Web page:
One of the questions we tried to answer in class was: Why are trees scary? I must admit that I scoffed a bit when this topic was brought up; I don’t think trees are particularly intimidating (quite the opposite, in fact, I think they are nature’s most elegant and majestic creations), and it was hard for me to understand why anyone else would find them to be so. After Wednesday’s class, it is a bit easier for me to understand how trees could be frightening in a more subtle way. For my blog post I want to explore briefly the reasons that people would be afraid of trees, and, more importantly, how exactly Tolkien combats these fears in his portrayal of the Ents.
The two main reasons we covered for people being afraid of trees were 1) that they are big, and 2) that they possess knowledge beyond our own, like the Tree of Knowledge. To this I would like to add a third reason that I don’t think was mentioned in class: the problem of sentience. We humans often seem to attribute a consciousness to trees that we don’t give to other plants, especially ones that cannot move. Off the top of my head, I can think of Grandmother in Pocohontas, the Mother Tree in versions of Cinderella, and the angry apple-throwing trees in the Wizard of Oz. I’m sure there are many other examples that I’m forgetting or are not aware of. Additionally, (not unrelated to the second reason) a quality of trees that is not necessarily scary in a horror-movie sort of way, but intimidating nonetheless, is age – most trees have life spans much longer than humans’ life spans, and with this comes a sense that trees are ancient beyond human comprehension.
That Tolkien was on the side of the trees in the man vs. tree war is clear from both his letters and his tree character in Leaf and Niggle. That he intended to show his support for the trees in the Ents is also clear. When discussing this, we mentioned Treebeard’s quote: “I am not altogether on anybody’s side, because nobody is altogether on my side,” but did not delve much further into Tolkien’s methods of defending the trees. Here I will argue that Tolkien combated the fears of trees mentioned above not by creating characters that were the opposite of what we fear from trees, but by personifying all those qualities and showing that we should love trees not despite those qualities but precisely because of them.
Let’s start with the related qualities of time and knowledge. The Ents are the oldest creatures described in the Lord of the Rings, older than Gandalf, and necessarily connected – rooted, even, if you’ll pardon the pun – to Middle Earth in a way that none of the old beings in the Legendarium are – Illuvatar, the Valar, Gandalf, the Elves, even Men, all are from or want to go to a different land. They have seen more than any of the characters in LotR, and have gained knowledge from this, knowledge that we can call wisdom. They are so wise that they don’t bother saying anything that doesn’t take a very long time to say. This aged knowledge is more than a part of the Ents; it exudes from them, as Pippin finds out when he meets Treebeard:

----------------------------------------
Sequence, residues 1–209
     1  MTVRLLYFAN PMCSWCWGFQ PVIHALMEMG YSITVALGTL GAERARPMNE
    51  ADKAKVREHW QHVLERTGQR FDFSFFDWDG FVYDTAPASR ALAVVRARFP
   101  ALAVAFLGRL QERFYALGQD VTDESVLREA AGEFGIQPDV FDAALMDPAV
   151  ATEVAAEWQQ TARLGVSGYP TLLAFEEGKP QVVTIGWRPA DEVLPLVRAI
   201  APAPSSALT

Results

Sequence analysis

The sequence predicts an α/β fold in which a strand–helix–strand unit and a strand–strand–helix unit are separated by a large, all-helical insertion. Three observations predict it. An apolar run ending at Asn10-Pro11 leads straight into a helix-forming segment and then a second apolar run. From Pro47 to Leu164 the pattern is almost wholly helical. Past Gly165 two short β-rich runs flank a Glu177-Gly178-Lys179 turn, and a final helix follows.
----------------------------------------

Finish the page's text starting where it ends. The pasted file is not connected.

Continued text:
“One felt as if there was an enormous well behind them, filled with ages of memory and long, slow, steady thinking, but their surface was sparkling with the present; like sun shimmering on the outer leaves of a vast tree, or on the ripples of a very deep lake. I don’t know, but it felt as if something that grew in the ground – asleep, you migh say, or just feeling itself as something between root-tip and leaf-tip, between deep earth and sky had suddenly waked up, and was considering you with the same slow care that it had given to its own inside affairs for endless years.”
Tolkien uses the Ent’s age to his advantage: Treebeard has cared for what we will later learn to be his “flock” for ages upon ages, and this slow care that has been cultivated is applied not only to his trees but to his consideration of all living things. By then having this strange creature befriend and care for our Hobbits Merry and Pippin the same way he cares for his trees, using his knowledge to protect them, Tolkien makes it difficult to be afraid.
Next is the issue of sentience. Tolkien does not imbue all his trees with direct sentience, but rather uses the Ents as mediators between the trees and humans – rather like Elf-friends – Tree-friends, perhaps? While the trees do eventually move to war against Saruman at Isengard, they are still and mute most of the time. The Ents as sentient creatures are not malevolent toward anyone except those who try to hurt them. They are calm, slow, gentle creatures, unless they need to be defended. When that time comes, the Ents protect the trees, rile them up, help them defend themselves. Unfortunately Ents do not exist outside of Faerie, and so by creating them in Faerie Tolkien both denies sentience in our world’s trees (to the extent of malevolence or walking or talking), and simultaneously calls for us to take on the role of Ents – to shepherd and care for our trees against those who would hurt them. Thus the Ents’ sentience is used in the exact way Faerie is supposed to operate: to show us something new or different about our world that makes us consider it differently when we come back to our Primary Reality. In the process, Tolkien is also successful (I believe) in showing that we have no reason to be afraid of trees.